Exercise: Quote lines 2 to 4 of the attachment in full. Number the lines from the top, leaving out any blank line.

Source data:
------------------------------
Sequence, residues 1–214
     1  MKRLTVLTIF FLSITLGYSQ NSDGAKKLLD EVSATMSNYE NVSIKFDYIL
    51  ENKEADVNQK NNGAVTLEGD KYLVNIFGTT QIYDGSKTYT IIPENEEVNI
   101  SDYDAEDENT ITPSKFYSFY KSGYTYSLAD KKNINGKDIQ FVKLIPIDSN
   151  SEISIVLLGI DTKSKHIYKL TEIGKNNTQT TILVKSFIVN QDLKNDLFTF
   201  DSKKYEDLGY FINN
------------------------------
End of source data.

     1  MKRLTVLTIF FLSITLGYSQ NSDGAKKLLD EVSATMSNYE NVSIKFDYIL
    51  ENKEADVNQK NNGAVTLEGD KYLVNIFGTT QIYDGSKTYT IIPENEEVNI
   101  SDYDAEDENT ITPSKFYSFY KSGYTYSLAD KKNINGKDIQ FVKLIPIDSN